This is a (too long) comment about the Swedish study, in addition to particularly @igelkott's link about balancing the risks of death by head trauma and death by cancer due to the unnecessary CT.
I'm wondering how much can be skeptically concluded from the The Swedish study. They list as participants
Participants 3094 men who had received radiation for cutaneous haemangioma before age 18 months during 1930-59.
In other words, the studies population are boys who got radiotherapy because of tumours on the skin of the head or somewhere else. I assume (though I did not find that clearly stated in the text!) that the controls are boys that got radiation therapy for this type of tumour somewhere else than the head and neck region.
IMHO the more interesting control group would have been boys who had the hemangiomas on head and neck but did not get radiation therapy (stratified for severity of the tumour / the radiation dose they "should" have gotten). Or at least, one would need to establish that high school attendance of people with untreated infantile hemangiomas was the same compared to boys without hemangiomas (probably not, if "only" because of the psychosocial difficulties in school).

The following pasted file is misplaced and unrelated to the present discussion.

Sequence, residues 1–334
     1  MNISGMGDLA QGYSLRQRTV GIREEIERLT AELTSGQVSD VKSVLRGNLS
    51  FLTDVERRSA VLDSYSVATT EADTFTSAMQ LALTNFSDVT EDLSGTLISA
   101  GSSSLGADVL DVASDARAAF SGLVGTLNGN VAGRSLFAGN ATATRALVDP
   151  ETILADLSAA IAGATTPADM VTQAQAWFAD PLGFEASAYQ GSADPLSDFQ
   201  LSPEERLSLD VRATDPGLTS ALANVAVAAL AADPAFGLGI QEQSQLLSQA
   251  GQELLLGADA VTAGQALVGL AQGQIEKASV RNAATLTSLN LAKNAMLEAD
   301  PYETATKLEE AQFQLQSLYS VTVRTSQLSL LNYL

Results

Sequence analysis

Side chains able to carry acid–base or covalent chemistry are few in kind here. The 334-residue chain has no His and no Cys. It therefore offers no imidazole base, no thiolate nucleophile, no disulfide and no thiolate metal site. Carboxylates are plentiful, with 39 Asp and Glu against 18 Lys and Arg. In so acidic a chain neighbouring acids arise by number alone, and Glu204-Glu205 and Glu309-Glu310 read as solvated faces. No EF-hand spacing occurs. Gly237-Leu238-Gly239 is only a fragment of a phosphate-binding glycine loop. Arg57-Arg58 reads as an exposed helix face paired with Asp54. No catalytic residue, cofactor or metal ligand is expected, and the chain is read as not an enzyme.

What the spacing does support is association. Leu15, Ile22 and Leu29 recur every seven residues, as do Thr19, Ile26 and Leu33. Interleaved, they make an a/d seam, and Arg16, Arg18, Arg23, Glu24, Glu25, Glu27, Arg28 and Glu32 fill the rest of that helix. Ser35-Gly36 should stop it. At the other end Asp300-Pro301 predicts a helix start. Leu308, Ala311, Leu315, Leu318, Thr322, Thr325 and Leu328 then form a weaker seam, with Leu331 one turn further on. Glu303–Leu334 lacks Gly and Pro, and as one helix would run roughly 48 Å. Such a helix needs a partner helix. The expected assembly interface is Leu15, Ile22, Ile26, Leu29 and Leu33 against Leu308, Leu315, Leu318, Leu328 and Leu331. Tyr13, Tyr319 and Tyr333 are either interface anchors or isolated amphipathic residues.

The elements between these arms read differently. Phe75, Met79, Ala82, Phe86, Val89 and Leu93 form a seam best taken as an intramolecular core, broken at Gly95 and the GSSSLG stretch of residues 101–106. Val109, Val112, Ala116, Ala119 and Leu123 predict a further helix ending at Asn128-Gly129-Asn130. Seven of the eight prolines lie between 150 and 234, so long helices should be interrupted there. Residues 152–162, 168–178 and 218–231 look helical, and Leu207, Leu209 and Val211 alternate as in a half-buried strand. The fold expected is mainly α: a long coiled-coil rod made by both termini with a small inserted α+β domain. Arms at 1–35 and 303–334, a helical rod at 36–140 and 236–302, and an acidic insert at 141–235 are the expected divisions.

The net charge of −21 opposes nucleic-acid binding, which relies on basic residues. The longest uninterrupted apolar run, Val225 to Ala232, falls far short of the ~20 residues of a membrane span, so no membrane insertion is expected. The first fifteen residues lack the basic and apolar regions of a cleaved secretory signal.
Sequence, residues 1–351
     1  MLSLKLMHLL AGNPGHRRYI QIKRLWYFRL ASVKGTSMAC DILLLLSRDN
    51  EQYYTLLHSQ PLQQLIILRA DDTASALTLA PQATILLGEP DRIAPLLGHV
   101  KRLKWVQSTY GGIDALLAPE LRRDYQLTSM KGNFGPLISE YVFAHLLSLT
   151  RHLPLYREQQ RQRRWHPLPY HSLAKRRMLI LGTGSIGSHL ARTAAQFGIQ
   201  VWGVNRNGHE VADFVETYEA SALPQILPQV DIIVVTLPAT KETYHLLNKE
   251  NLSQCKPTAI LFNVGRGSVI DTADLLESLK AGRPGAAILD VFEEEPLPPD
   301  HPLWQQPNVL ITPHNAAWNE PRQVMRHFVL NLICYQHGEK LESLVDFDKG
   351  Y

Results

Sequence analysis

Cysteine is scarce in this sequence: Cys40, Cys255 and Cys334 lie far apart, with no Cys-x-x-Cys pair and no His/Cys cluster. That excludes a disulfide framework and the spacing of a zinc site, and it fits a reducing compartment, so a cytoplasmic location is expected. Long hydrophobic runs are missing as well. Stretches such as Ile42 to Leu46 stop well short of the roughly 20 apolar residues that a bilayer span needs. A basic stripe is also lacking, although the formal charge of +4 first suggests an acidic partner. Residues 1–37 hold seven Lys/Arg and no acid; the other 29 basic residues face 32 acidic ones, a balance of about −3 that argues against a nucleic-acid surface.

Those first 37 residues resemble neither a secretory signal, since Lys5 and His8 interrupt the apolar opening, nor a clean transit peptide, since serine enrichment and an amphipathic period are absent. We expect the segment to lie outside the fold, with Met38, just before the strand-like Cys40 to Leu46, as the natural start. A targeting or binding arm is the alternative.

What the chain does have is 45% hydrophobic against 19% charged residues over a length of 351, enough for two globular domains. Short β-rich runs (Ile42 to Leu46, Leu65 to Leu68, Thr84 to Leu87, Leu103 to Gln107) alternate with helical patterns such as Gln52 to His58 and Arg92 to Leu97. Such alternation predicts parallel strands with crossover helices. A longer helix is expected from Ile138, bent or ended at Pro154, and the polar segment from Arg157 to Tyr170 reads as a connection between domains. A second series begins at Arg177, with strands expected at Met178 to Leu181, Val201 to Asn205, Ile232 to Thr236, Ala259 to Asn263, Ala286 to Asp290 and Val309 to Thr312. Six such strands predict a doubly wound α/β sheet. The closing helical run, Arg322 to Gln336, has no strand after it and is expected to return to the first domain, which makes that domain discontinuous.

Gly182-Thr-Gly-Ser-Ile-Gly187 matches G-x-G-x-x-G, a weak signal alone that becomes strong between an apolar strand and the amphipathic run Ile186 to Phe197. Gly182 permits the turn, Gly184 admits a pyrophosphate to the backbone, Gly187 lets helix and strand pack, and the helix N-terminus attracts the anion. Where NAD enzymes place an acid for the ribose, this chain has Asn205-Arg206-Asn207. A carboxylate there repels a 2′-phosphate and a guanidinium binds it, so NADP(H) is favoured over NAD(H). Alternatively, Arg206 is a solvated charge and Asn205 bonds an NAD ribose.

Now according to this webpage these hemangioma are benign tumours, 60% of them appear on head and neck. But a particular form of these hemangioma appears within the PHACE syndrome, which also includes brain malformations and other problems. I have no information about the frequency of this, but it would have been good if the Swedish study had explained if any/how many such patients were in their patient population.
The other point that needs to be kept in mind is that according to Benner 2001 the cancer risk decreases with the age of the child when the CT takes place. The Swedish boys were less than 1 1/2 years old when they got radiotherapy. Now cancer isn't the same as not attending high school, but this tells something about how sensitive the brain reacts to radiation.